The great fear among Trump-fearers is that he will deal with this elite opposition by effectively crushing it — purging the deep state, taming the media, remaking the judiciary as his pawn, and routing or co-opting the Democrats. This is the scenario where a surging populism, its progress balked through normal channels, turns authoritarian and dictatorial, ending in the sort of American Putinism that David Frum describes darkly in the latest issue of The Atlantic.
But nothing about Trumpian populism to date suggests that it has either the political skill or the popularity required to grind its opposition down. In which case, instead of Putin, the more relevant case study might be former President Mohamed Morsi of Egypt, the Muslim Brotherhood leader whose brief tenure was defined both by chronic self-sabotage and by the active resistance of the Egyptian bureaucracy and intelligentsia, which rendered governance effectively impossible.
The Egyptian deep state’s sabotage of Morsi culminated in a coup. This is not my prediction for the Trump era. But what we’ve watched unfold with refugee policy suggests that chaos and incompetence are much more likely to define this administration than any kind of ruthless strength. (Ross Douthat)
Trump has turned out to be what we knew him to be. We've elected to the presidency our rich, ignorant, bigoted, conspiracy-theory-obsessed uncle. It was all supposed to be a big joke, except he wasn't let in on it--still hasn't been let in on it. He hasn't a clue, but and he's actually taking it all so seriously. Sad. Awkward. Who is finally going to tell him? Not the Democrats. Chuck Schumer is our other cluelesss, if more benign, rich uncle, a foolish man who also takes himself way too seriously. Maybe it will take the friendly folks at Deep State to give Trump the tap on the shoulder to tell him the joke's over, and it's time to move on.
Assuming Douthat is right and Frum is wrong, and I tend to agree with him with Douthat on this, all Trump will accomplish is chaos. But while I'd rather live with a regime of chaos than live with a well-organized authoritarian regime, chaos often leads to the well organized authoritarian regime. Egypt is a cautionary tale. We're not Egypt, but there are analogies to be drawn from it and other situations like it in history.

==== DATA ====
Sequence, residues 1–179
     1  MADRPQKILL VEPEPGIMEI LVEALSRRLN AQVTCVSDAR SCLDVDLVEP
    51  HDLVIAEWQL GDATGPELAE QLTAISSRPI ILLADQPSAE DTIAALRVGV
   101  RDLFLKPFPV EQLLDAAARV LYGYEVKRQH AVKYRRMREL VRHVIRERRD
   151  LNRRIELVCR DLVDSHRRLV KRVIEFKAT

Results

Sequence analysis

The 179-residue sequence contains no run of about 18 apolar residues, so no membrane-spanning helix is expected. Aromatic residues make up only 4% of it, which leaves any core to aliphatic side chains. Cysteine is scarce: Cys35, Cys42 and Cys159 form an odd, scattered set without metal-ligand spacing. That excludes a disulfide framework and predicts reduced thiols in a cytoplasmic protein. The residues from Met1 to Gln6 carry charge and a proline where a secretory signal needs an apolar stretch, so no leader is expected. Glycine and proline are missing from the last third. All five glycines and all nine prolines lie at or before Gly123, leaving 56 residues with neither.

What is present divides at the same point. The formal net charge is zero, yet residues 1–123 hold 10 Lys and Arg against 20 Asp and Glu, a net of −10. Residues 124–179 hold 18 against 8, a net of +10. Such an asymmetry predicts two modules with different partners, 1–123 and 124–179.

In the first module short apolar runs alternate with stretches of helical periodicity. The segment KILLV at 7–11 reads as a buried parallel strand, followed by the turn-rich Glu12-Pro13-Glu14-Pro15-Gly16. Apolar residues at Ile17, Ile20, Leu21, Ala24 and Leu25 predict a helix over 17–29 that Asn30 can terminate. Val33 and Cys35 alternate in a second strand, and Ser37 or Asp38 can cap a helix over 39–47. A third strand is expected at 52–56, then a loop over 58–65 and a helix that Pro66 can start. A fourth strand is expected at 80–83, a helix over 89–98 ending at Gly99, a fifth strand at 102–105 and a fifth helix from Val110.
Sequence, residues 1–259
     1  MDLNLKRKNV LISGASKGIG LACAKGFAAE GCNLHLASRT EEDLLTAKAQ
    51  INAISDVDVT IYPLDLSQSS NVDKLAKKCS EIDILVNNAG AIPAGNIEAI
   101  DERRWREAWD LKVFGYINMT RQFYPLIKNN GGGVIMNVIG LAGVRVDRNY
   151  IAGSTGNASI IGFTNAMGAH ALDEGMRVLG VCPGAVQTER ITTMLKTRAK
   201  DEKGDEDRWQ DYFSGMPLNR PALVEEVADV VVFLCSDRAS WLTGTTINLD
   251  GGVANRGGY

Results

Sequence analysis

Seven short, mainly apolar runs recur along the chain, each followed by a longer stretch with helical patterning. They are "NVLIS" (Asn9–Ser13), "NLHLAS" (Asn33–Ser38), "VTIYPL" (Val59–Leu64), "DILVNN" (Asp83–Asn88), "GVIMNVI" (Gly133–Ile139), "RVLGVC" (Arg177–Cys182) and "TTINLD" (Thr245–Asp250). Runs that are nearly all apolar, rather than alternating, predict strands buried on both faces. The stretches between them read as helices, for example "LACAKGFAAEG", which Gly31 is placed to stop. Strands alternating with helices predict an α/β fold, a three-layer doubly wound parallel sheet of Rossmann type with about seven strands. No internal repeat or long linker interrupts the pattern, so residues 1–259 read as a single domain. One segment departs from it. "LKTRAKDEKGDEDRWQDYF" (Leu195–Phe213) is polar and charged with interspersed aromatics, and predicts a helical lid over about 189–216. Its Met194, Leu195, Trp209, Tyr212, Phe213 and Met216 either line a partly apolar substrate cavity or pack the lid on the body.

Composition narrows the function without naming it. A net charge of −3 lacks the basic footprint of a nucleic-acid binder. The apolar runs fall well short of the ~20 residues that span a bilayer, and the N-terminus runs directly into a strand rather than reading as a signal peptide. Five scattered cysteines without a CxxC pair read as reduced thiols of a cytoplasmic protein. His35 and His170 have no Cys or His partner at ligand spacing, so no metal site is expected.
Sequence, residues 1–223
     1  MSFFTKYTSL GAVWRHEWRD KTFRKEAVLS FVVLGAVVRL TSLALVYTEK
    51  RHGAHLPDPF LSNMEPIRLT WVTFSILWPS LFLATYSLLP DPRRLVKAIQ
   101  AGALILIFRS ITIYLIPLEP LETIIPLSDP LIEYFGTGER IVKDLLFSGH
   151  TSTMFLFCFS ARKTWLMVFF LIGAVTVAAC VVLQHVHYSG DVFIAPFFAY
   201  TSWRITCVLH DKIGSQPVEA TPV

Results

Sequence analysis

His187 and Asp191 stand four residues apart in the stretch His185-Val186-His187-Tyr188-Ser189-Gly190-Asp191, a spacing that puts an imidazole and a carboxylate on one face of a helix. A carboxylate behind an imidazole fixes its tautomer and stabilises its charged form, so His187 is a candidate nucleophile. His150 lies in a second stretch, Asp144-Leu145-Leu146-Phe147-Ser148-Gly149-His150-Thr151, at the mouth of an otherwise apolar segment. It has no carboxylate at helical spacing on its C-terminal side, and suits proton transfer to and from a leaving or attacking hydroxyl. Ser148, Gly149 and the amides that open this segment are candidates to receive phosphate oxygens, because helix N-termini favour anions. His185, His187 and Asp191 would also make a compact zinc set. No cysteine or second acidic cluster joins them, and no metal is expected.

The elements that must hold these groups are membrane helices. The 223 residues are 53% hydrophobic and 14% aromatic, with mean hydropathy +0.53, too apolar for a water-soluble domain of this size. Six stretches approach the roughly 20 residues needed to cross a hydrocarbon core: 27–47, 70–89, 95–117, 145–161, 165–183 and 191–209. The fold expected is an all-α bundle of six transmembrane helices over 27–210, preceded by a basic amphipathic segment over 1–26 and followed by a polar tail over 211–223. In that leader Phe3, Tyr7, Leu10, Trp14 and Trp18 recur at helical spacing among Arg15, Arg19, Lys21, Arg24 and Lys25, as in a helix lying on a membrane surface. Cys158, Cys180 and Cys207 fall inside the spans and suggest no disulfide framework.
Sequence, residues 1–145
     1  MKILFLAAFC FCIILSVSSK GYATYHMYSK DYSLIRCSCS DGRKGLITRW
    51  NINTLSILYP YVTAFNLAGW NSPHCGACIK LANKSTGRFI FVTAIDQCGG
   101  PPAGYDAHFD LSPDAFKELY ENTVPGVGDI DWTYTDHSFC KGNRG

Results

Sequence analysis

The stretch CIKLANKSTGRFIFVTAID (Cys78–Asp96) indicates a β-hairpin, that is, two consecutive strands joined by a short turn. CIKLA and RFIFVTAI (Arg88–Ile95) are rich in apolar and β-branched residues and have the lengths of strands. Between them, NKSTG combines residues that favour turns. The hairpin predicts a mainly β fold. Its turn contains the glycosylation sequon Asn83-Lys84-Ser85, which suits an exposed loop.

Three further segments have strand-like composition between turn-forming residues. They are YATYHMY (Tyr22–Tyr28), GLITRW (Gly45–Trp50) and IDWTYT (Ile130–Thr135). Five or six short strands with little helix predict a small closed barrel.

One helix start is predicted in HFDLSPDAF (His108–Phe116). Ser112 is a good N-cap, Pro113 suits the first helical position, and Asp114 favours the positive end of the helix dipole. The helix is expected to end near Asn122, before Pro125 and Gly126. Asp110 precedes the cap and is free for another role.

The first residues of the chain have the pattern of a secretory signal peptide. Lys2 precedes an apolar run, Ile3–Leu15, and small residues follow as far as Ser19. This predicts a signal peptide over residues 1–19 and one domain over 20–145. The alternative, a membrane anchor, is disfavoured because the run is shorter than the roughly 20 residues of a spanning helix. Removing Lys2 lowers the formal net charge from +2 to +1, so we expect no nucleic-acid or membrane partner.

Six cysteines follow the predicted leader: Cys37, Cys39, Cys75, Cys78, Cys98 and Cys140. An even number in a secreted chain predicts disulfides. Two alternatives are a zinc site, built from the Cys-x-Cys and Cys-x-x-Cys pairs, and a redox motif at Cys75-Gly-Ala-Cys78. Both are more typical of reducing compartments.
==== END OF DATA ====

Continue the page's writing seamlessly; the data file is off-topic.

Remember all the hope that was in the streets during the heyday of the Arab Spring? How did that turn out? It was so OWS, so idealistic, so, you know, democratic. But when you sweep away the bad old guy, what did the democratic process produce? An even worse new guy--the religious fanatic Morsi. And that in turn led to the military coup. But that could never happen in America, right?
Trump must be resisted, but all that resistance energy will have been wasted if it just creates opportunities for the worst parts of our society to move in. Trump's a clown, but there are people waiting on the sidelines who are not. A sane, progressive, tough leadership that knows how power works must emerge out of this chaos. Otherwise leadership will default to the Deep State or worse. and the best case scenario will be to return to the status quo ante in which our senatorial-class elites will reassert their control.
And once they do, as a group--a few senators and other elites will protest ineffectually--ally themeselves with those elements in the Deep State--NSA, FBI, Homeland Security--to make sure that these disruptive, populist energies, whether channeled from the Left or the Right, will have little chance for making any kind of real trouble in the future. The infrastructure for suppression of any significant dissent is in place; the question is whether factions within this country will rise into positions of power who will use it for that purpose. Look at what the relatively moderate, sane Obama administration did to whistleblowers.
But there's an opportunity here. It remains an open question though who will emerge to best exploit it. If it's to be a sane, progressive leadership, I don't see it yet. But it's early, and let's face it--anything can happen.